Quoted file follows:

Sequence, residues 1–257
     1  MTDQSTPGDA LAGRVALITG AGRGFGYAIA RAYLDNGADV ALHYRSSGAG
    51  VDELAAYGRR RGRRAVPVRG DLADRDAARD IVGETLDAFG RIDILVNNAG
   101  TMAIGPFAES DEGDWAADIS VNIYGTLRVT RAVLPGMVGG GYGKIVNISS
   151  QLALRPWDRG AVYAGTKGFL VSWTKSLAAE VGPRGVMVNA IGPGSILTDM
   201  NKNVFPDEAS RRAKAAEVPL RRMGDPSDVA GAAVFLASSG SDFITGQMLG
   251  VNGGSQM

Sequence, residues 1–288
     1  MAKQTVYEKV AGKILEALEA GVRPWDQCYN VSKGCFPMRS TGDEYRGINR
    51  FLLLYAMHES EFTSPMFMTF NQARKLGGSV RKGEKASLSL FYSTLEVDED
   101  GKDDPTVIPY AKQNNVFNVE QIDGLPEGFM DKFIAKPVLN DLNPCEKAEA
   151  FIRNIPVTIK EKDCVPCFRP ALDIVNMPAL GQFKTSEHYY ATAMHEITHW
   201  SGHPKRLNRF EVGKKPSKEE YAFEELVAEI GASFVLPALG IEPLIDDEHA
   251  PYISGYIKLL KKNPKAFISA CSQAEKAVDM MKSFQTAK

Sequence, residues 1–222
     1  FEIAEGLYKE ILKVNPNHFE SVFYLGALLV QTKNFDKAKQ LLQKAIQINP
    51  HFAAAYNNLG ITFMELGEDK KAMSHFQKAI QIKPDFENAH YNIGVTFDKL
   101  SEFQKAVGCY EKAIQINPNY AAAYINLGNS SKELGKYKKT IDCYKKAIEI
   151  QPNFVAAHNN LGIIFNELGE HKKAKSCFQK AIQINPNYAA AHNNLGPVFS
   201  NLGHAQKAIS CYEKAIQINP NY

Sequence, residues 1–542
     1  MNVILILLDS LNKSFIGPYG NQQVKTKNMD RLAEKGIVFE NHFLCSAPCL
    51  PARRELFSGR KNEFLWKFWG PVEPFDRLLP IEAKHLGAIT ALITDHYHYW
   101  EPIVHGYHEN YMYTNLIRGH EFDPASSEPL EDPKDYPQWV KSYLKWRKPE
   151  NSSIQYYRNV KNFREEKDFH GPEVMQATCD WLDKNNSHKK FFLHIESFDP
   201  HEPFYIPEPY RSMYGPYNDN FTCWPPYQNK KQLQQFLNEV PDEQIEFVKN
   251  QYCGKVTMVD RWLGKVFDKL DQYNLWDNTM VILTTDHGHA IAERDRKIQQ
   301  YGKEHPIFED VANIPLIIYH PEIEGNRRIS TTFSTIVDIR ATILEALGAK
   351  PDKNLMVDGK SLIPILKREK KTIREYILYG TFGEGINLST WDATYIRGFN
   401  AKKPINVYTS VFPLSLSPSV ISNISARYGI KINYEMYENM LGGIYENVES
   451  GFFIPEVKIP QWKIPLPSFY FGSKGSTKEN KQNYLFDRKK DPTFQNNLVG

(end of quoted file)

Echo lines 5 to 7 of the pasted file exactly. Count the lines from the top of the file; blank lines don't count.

   151  QLALRPWDRG AVYAGTKGFL VSWTKSLAAE VGPRGVMVNA IGPGSILTDM
   201  NKNVFPDEAS RRAKAAEVPL RRMGDPSDVA GAAVFLASSG SDFITGQMLG
   251  VNGGSQM